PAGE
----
Eureka! City granted $6.9 million for conference center

Tempers flared and things got personal at times, but after two days of marathon meetings the Kitsap Public Facilities District board voted 4-2 to split an $11.5 million sales tax rebate between proposals for a scaled-down conference center in Bremerton and improvements to the Kitsap County Fairgrounds.

The board pledged $6.9 million to the Bremerton project and $4.2 million for Fairgrounds improvements at the Dec. 18 meeting. The remainder of the money available from the sales tax rebate — $400,000 — will cover expenses incurred by the board.

“It’s indescribable,” Bremerton Mayor Lynn Horton said. “We’ve worked a long time on this.”

Horton originally requested $7.5 million for the project, which includes a 15,000-square-foot conference center and a 632-stall parking garage, but said the city could “make it work” with $6.9 million.

Horton estimated the entire project — including a privately-developed restaurant, a 100-room hotel and retail shops to be constructed by Minneapolis-based Opus Corp. — will bring the city $350,000 in sales tax revenue which can be put toward supporting the project.

Before the final decision, Horton and her team of architects, developers and financial analysts were pummeled for two nights by intense criticism from two PFD consultants, Andrew Olsen of the Chambers Group and Greg Easton of Property Counselors, Inc.

The consultants were concerned that most conference centers around the state operate at a deficit and that the city’s cost, revenue and demand estimates were skewed.

“We do not believe the financial study represents a truly independent angle,” Olsen said of the 101-page project proposal. “There is not quantitative data related to the size of the groups” which would use the conference center.

However, several lawmakers and community members came to the Bremerton proposal’s rescue at the Dec. 19 meeting at the Eagle’s Nest building on Fairgrounds Road.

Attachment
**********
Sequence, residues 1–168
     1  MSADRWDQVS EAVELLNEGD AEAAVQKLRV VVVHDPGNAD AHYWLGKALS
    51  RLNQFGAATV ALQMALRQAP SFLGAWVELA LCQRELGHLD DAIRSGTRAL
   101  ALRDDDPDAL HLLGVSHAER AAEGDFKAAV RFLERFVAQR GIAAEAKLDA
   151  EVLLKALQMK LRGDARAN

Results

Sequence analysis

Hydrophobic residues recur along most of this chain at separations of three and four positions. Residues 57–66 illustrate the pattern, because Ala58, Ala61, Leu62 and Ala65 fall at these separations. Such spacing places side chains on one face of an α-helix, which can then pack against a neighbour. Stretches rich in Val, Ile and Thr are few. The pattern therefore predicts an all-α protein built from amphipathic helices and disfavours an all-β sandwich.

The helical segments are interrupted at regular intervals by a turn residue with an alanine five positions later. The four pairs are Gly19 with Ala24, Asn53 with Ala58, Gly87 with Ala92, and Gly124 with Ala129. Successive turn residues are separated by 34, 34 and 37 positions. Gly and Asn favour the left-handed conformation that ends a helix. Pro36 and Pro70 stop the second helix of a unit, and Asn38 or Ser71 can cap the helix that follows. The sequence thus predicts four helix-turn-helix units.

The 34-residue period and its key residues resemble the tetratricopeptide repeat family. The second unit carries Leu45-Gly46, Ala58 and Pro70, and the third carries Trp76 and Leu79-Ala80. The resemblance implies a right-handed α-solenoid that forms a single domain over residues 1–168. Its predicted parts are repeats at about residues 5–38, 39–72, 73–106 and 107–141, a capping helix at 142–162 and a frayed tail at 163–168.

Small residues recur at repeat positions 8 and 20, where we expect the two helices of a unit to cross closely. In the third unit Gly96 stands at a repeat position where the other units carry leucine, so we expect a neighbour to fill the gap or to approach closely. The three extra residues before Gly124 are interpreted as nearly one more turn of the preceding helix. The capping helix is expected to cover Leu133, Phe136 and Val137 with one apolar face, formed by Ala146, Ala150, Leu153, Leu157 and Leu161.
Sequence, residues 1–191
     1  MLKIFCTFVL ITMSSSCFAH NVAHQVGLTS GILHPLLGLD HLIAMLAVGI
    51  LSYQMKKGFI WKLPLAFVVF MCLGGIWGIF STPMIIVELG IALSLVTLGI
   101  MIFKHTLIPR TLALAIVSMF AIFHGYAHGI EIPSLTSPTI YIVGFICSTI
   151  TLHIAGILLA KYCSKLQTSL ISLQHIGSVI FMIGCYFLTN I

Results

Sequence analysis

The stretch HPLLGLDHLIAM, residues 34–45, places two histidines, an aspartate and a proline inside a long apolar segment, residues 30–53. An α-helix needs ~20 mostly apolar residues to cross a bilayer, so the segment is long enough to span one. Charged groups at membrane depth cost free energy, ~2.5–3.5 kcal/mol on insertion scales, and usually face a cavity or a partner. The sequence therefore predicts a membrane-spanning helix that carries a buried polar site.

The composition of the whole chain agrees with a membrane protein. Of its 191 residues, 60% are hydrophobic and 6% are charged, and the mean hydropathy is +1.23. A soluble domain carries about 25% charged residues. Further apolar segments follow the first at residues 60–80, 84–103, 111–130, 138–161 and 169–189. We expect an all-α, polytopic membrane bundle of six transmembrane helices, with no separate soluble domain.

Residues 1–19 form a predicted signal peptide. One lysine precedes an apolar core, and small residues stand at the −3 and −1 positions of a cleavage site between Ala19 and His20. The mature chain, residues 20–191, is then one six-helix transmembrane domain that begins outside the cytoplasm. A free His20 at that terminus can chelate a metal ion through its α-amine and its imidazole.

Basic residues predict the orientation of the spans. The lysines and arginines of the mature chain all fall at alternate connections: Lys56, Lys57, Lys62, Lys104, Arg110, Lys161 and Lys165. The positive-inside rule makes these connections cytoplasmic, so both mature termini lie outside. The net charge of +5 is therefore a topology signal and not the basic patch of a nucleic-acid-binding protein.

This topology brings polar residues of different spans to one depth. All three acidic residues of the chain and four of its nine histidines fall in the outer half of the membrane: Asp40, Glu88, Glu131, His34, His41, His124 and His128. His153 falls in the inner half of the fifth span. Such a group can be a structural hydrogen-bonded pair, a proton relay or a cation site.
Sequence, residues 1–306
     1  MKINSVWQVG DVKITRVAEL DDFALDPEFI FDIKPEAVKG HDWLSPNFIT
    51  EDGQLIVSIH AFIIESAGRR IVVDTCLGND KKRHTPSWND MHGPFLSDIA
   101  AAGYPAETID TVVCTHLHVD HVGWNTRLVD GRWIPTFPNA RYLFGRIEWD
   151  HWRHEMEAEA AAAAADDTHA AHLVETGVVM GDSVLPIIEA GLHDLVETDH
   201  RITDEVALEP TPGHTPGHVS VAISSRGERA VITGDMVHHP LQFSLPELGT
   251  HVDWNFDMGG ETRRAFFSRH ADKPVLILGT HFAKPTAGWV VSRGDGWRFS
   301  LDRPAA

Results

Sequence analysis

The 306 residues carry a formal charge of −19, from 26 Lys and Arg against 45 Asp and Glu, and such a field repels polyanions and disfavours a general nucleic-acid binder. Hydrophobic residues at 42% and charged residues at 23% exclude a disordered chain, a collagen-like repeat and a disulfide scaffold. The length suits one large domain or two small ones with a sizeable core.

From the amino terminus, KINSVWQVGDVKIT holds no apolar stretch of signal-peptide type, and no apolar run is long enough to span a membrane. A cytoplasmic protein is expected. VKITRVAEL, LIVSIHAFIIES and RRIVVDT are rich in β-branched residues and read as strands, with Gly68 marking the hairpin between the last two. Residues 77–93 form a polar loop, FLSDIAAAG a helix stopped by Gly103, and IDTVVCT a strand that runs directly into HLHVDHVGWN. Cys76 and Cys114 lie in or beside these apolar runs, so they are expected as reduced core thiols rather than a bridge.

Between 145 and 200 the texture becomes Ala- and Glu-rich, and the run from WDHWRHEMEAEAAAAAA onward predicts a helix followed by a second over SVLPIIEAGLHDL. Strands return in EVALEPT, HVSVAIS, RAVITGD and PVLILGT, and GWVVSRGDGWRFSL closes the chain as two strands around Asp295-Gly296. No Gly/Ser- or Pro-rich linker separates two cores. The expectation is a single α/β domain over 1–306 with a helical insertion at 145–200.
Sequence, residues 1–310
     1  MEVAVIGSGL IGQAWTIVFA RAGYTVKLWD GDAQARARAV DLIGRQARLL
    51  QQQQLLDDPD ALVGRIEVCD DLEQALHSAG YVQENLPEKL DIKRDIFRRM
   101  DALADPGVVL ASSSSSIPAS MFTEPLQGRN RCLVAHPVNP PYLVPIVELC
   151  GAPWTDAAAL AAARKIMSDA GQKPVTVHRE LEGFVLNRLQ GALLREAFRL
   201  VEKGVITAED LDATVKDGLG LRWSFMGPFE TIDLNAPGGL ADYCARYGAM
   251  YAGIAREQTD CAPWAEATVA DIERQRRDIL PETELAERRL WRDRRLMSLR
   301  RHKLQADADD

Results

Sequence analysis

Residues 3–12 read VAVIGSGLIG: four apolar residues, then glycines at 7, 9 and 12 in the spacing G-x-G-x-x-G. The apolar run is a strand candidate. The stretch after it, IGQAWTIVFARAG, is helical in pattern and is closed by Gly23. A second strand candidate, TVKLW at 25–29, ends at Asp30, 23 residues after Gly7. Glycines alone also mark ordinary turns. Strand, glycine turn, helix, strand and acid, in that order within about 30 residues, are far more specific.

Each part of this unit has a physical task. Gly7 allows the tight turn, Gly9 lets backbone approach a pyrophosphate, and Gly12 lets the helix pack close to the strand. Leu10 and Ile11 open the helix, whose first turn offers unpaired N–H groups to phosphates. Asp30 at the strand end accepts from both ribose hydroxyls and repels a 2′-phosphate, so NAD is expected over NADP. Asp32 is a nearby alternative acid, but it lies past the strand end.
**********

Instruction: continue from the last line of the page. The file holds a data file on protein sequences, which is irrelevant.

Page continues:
The project will involve of a multitude of partners, said County Commissioner Tom Botkin, and although the PFD holds the purse strings, several other agencies will tow the line.

Bremerton mayor-elect and former PFD board member Cary Bozeman assured his former colleagues he would move forward on the development with enthusiasm when he takes office.

Support also came from Cris Gears, the director of the Kitsap County Parks and Recreation Department, who spearheaded the Fairgrounds improvement proposal.

“Any money that goes toward this project will improve parks and recreation,” Gears said.

He added that “$4.5 million won’t get us to our goal, but $11.5 million won’t get us their either.”

Late in Dec. 18 meeting, PFD board members debated whether to call a final vote. Andy Maron, the Bainbridge Island representative, favored informally committing to the Bremerton project and “moving forward together” while reserving the right to pull funding.

Other members disagreed.

“Put up or shut up,” said North Kitsap representative Cy Wyse. “This is ridiculous.”

In the end, Wyse and Poulsbo representative Linda Berry-Maraist voted against the Bremerton project.

“Are we going to spend this money on a parking garage (instead of) recreational facilities for the kids?” Berry-Maraist asked.

A joint planning effort between the PFD and the county will determine how the $4.5 million for the Fairgrounds is spent. The county owns the land and the PFD is financing the project, Gears said, so decisions will be made collaboratively.

Proposed Fairgrounds improvement include installing artificial turf and a new stage in Thunderbird Stadium, improving ballfields and adding new a equestrian facility.

The groups will receive money from a .033 sales tax rebate permitted by state law. To qualify for the rebate, the facility must serve a regional population and cost at least $10 million, including debt service. One-third of the total cost of the facility must be matched by the agency proposing the project, and construction of the facility must commence before 2003.

The money is a refund of sales tax revenue collected by the state, and no new taxes are levied.

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